The attempt to increase levels of free tryptophan in the blood is founded on the basis that these levels are closely regulated by the tryptophan/branched-chain amino acids relationship. When an increase occurs in the levels of free tryptophan, whether due to a reduction of the branched-chain amino acids or to an increase of the availability of tryptophan, this amino acid crosses the blood-brain barrier and is transformed into a precursor of serotonin or 5-hydroxytryptamine (5-HT)32.
In fact, it is considered that the velocity of the tryptophan on a brain level is the limiting factor in the synthesis of 5-HT. Among the functions of 5-HT are those related to lethargy and drowsiness, due to the fact that it acts as a precursor to melatonin in the pineal gland33. The modification of tryptophan levels has been performed based on dietary modifications. Thus, the intake of proteins rich in tryptophan such as α-lactalbumin present in whey increases the tryptophan/ branched-chain amino acids relationship by up to 130%, increasing the levels of serotonin in the brain.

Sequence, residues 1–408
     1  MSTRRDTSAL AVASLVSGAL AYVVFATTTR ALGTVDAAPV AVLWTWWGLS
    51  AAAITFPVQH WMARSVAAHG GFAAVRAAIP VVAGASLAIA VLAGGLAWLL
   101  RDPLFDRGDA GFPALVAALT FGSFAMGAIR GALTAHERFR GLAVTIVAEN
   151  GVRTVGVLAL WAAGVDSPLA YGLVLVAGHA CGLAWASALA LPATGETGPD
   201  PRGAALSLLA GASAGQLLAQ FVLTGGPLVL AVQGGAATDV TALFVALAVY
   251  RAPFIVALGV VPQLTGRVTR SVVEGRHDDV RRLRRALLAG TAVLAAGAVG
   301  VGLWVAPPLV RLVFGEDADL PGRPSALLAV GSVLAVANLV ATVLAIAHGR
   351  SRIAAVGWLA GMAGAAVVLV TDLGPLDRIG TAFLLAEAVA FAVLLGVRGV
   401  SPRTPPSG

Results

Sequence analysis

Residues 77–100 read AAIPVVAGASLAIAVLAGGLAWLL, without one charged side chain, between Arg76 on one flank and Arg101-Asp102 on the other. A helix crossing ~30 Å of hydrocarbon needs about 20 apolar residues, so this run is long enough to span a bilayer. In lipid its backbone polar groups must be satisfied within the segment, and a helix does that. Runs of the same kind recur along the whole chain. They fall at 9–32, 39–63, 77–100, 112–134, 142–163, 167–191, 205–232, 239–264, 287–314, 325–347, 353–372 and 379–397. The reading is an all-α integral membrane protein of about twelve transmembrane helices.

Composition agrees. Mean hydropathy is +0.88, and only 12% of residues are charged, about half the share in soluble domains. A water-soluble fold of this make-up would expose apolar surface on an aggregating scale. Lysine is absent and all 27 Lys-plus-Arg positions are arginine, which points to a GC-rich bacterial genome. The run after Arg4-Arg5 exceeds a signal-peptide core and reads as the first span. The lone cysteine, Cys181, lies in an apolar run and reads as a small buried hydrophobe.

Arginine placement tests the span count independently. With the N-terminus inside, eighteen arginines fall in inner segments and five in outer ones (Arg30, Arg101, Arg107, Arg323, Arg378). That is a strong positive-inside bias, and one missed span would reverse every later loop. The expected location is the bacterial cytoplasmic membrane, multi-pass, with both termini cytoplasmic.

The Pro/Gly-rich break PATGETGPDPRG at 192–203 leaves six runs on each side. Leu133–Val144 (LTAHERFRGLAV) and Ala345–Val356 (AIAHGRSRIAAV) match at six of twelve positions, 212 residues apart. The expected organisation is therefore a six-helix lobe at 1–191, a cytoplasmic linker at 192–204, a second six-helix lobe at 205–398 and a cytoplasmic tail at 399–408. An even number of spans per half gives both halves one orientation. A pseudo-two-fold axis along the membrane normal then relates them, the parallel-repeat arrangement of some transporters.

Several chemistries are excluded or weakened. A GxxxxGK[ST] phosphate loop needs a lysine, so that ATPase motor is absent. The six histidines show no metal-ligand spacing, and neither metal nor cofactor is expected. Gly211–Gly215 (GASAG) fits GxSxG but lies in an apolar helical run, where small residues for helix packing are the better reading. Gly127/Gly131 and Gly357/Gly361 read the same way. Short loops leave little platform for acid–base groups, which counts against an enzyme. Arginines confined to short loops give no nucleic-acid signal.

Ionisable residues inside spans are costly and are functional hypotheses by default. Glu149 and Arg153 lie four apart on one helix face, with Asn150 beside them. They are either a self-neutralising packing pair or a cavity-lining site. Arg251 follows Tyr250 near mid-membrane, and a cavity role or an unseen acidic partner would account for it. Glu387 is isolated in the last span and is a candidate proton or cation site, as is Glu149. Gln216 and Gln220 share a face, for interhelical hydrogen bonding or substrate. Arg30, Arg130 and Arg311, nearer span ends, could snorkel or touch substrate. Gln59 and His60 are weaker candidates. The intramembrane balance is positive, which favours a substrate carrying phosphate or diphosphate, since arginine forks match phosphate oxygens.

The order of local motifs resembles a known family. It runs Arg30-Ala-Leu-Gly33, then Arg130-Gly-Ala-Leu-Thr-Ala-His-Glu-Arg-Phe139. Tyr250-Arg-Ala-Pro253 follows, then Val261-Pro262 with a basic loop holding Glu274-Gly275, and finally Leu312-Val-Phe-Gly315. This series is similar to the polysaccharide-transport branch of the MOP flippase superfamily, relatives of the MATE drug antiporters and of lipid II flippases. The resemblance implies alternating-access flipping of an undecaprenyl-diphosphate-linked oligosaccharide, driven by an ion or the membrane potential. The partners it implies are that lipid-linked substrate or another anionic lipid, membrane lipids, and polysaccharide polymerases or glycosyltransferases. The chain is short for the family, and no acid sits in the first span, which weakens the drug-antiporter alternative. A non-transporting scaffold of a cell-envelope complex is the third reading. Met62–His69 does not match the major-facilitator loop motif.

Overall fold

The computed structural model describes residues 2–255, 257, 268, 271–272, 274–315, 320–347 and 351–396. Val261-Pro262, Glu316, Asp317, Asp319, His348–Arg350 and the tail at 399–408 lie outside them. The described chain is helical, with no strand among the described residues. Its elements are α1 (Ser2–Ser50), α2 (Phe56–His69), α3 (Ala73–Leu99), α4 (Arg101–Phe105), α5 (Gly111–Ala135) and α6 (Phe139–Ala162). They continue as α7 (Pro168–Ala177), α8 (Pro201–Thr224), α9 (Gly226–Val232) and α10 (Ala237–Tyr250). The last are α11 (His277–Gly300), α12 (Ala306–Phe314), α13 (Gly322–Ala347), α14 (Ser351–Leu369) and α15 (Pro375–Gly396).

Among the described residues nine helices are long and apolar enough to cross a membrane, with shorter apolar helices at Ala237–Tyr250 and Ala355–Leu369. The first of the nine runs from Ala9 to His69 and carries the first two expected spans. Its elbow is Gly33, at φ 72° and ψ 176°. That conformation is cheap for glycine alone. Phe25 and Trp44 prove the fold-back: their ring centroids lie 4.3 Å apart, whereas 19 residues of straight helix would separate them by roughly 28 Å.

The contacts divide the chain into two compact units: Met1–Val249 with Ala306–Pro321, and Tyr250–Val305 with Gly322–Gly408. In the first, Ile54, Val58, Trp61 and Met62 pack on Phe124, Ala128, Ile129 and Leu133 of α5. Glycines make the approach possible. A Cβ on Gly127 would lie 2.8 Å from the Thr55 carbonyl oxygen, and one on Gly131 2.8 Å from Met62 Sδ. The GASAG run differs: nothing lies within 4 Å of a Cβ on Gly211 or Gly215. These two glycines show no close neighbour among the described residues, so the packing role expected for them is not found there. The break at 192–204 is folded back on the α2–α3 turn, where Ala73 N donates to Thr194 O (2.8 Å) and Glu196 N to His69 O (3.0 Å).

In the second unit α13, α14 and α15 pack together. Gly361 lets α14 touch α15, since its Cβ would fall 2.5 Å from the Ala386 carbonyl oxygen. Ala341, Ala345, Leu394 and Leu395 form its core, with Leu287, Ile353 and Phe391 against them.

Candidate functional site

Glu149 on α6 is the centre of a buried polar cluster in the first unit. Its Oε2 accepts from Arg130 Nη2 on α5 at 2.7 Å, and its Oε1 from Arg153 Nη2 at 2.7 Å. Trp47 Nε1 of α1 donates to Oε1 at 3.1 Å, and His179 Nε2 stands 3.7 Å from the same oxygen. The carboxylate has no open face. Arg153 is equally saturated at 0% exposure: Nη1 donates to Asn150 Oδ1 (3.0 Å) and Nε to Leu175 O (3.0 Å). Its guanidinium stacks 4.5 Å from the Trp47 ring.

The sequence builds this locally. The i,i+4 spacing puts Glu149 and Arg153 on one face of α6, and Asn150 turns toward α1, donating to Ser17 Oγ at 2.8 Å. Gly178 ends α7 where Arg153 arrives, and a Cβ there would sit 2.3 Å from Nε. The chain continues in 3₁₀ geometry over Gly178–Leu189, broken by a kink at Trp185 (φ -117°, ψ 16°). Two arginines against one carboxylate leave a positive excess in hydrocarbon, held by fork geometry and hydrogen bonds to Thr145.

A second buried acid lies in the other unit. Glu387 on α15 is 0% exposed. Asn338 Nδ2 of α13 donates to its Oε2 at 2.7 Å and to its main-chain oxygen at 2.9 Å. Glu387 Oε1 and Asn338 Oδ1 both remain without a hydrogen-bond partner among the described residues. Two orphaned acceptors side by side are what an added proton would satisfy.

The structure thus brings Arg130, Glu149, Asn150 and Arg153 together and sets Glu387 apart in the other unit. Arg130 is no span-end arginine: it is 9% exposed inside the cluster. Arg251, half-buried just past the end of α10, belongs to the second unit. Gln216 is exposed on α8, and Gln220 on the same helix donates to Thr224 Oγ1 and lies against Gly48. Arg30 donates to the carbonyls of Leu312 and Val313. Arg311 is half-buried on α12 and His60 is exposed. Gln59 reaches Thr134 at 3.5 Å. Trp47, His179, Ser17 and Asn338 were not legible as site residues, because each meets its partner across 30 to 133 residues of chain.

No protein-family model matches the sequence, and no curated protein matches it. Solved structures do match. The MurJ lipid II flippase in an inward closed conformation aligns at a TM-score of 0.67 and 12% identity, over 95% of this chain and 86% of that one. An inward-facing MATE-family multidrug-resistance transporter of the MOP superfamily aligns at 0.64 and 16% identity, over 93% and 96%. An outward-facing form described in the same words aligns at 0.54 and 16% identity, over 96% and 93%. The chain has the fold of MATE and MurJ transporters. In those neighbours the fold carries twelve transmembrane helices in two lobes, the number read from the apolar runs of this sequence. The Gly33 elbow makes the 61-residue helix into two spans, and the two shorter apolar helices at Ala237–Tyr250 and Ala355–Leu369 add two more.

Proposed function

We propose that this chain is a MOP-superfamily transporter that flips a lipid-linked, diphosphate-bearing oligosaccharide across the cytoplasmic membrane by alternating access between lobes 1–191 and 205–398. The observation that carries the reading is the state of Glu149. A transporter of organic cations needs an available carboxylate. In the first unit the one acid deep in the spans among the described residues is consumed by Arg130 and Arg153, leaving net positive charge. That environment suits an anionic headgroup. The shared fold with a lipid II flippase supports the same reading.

On the contrary, a diet with a nigh content of branched-chain amino acids or with a supplement of them – a very common practice among athletes in both strength and in aerobic resistance – could reduce the levels of tryptophan that cross the blood-brain barrier. In terms of the intake of carbohydrates, it has been shown that it increases the plasma concentration of tryptophan, which, as we have already mentioned, is a precursor to serotonin and a sleep-inducing agent.
Various studies have proven that a large availability of this nutrient may favor the brain’s capture of tryptophan through the action of the insulin, due to the fact that it will produce an increase in the capture of branched-chain amino acids in the skeletal muscle, which will increase the levels of free tryptophan.
In terms of the necessary dose of tryptophan, it has been revealed that 1g is sufficient to improve both the quantity and the quality of sleep.
Arch Med Deporte 2017;34(2):93-99